Individuals who use online lending sites to help others provide significantly more money to borrowers when they are part of a team than when they are not, two studies led by economists and computer scientists at the University of Michigan find.
Based on two randomized field experiments with more than sixty thousand members of Kiva, the online lending community, the studies found that team membership appears not merely to correlate with but to drive an increase in the number of loans made by users of the site. In one study, to be published in a special issue of Games and Economic Behavior, Kiva members who joined teams — and have their stats posted on the Kiva leaderboard — contributed about 1.2 loans, or at least $30, per month, more than non-team members. The study also found that when team leaders posted messages on Kiva forums that included a link to a chosen borrower, set a goal, and urged the team to work together to meet it, their teams made an average of eleven more loans per month. The volume of contributions also was more likely to increase when a new member posted a message to the forum that announced a loan to a chosen borrower, included a link to that borrower, and called on other members to help improve the team's ranking than if a post included only one of those elements.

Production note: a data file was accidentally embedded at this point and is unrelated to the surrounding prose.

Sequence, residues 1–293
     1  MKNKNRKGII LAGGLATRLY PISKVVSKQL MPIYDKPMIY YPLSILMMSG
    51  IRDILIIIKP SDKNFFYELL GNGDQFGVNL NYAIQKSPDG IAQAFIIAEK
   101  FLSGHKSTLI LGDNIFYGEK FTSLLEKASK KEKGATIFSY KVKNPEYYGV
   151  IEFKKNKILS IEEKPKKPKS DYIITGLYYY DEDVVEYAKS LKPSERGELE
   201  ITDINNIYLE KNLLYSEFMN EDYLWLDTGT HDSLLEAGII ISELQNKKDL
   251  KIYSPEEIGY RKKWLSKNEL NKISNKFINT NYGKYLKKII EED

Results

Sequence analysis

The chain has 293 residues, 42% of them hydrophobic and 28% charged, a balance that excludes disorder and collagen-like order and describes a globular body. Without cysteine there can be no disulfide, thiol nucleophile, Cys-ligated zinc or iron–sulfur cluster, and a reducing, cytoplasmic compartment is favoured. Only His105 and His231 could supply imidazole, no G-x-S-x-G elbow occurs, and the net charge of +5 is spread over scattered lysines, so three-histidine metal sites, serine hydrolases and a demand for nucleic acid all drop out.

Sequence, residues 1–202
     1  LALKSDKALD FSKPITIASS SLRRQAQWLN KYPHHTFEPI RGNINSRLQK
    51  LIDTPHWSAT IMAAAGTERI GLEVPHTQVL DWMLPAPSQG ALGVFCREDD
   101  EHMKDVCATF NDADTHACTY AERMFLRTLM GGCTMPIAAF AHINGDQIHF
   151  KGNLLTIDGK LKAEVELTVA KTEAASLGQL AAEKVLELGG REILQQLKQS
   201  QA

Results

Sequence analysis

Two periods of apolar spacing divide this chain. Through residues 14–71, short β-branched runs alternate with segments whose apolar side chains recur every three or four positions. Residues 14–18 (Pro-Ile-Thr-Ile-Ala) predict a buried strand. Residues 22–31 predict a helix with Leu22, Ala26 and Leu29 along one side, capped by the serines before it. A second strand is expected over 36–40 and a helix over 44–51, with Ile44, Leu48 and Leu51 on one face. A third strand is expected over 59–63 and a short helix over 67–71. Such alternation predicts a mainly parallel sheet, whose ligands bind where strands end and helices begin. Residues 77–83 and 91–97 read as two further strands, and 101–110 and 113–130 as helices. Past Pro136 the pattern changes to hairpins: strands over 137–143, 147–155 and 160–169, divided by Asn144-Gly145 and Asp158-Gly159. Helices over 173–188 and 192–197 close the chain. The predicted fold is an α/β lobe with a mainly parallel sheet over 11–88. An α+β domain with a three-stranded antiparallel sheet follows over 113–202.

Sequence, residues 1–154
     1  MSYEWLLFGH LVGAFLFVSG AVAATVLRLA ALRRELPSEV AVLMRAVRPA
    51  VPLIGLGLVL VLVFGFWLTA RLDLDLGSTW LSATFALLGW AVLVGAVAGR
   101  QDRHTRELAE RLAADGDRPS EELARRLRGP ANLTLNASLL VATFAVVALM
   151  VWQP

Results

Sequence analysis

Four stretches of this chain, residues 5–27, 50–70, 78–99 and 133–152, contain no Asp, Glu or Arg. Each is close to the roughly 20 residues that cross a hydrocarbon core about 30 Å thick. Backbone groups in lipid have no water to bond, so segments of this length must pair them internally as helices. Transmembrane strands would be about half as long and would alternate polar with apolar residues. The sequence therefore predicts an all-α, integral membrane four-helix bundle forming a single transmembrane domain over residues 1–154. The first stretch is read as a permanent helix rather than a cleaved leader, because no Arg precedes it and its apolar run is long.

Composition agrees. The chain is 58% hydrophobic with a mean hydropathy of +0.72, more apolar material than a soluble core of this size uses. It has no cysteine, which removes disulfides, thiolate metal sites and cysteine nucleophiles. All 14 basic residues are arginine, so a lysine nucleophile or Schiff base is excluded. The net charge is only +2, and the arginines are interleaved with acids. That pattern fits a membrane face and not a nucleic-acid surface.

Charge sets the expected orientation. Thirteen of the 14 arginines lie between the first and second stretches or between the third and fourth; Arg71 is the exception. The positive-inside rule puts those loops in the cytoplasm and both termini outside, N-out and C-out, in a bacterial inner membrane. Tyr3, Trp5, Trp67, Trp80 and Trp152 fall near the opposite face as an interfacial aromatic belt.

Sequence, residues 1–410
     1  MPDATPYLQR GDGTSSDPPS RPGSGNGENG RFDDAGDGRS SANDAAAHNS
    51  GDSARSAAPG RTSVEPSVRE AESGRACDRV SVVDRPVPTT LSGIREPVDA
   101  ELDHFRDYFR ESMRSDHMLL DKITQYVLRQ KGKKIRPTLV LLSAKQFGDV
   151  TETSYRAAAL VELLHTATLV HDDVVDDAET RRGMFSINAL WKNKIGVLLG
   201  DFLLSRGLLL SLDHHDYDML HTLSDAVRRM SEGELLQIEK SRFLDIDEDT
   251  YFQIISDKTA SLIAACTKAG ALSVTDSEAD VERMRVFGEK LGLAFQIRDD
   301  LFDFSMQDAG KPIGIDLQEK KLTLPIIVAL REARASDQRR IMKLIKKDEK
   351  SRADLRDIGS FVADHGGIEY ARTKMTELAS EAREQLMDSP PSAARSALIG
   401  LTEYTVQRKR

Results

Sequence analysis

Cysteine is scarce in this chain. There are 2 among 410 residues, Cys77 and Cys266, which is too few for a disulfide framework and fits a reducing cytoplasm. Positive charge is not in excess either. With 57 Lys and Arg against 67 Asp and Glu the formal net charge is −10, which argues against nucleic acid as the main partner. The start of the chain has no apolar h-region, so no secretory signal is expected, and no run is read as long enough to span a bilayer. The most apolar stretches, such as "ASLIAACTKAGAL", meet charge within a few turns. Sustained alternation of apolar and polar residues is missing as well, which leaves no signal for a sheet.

A second study, published in Proceedings of the National Academy of Sciences in December, reported that Kiva members could be most effectively nudged to join a team by an email message that included three teams of interest and an explanation of why those teams were included. The study also found that when lenders joined a team, their contributions spiked in the first week, to an average of $392. The study concluded that team membership facilitates information sharing about specific borrowers, which in turn reduces team members' search costs and boosts lending while also increasing pressure on other members to improve the team's ranking on the Kiva leaderboard.
The research could have implications for the field of behavioral economics — and for charitable giving — in that teams seem to discourage free-riding and prod people toward "pro-social" behavior that benefits the public good.
"The indications are that team membership is effective in increasing member contributions among lenders and that making recommendations to lenders to join teams is an effective and inexpensive mechanism to engage community members and increase their contributions," said Yan Chen, the Daniel Kahneman Collegiate Professor of Information in the U-M School of Information and a professor at the U-M Institute for Social Research. "It boils down to the economic principle known as the free-rider problem in public goods provision. You want to encourage the over-contributors and somehow penalize or call out the under-contributors. We think this team structure can help accomplish that."